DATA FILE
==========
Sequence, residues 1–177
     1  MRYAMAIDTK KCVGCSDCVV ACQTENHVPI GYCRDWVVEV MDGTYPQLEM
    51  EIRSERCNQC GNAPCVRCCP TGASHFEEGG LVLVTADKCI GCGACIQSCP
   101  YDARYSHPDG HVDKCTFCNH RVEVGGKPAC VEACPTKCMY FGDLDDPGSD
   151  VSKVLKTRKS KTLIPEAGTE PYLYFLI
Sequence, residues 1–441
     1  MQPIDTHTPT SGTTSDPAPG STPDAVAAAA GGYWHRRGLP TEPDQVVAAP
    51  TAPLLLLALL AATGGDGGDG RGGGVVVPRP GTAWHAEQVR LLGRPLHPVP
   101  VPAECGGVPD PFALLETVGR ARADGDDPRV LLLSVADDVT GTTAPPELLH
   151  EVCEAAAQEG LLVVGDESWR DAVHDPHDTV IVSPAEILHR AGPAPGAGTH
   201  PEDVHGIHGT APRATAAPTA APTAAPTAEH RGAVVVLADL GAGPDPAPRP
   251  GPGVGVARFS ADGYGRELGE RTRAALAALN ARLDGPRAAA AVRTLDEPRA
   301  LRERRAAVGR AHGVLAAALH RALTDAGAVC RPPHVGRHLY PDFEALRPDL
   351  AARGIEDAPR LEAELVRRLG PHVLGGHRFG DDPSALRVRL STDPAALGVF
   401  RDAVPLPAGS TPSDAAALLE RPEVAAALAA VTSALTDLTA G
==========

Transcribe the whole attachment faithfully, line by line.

Sequence, residues 1–177
     1  MRYAMAIDTK KCVGCSDCVV ACQTENHVPI GYCRDWVVEV MDGTYPQLEM
    51  EIRSERCNQC GNAPCVRCCP TGASHFEEGG LVLVTADKCI GCGACIQSCP
   101  YDARYSHPDG HVDKCTFCNH RVEVGGKPAC VEACPTKCMY FGDLDDPGSD
   151  VSKVLKTRKS KTLIPEAGTE PYLYFLI
Sequence, residues 1–441
     1  MQPIDTHTPT SGTTSDPAPG STPDAVAAAA GGYWHRRGLP TEPDQVVAAP
    51  TAPLLLLALL AATGGDGGDG RGGGVVVPRP GTAWHAEQVR LLGRPLHPVP
   101  VPAECGGVPD PFALLETVGR ARADGDDPRV LLLSVADDVT GTTAPPELLH
   151  EVCEAAAQEG LLVVGDESWR DAVHDPHDTV IVSPAEILHR AGPAPGAGTH
   201  PEDVHGIHGT APRATAAPTA APTAAPTAEH RGAVVVLADL GAGPDPAPRP
   251  GPGVGVARFS ADGYGRELGE RTRAALAALN ARLDGPRAAA AVRTLDEPRA
   301  LRERRAAVGR AHGVLAAALH RALTDAGAVC RPPHVGRHLY PDFEALRPDL
   351  AARGIEDAPR LEAELVRRLG PHVLGGHRFG DDPSALRVRL STDPAALGVF
   401  RDAVPLPAGS TPSDAAALLE RPEVAAALAA VTSALTDLTA G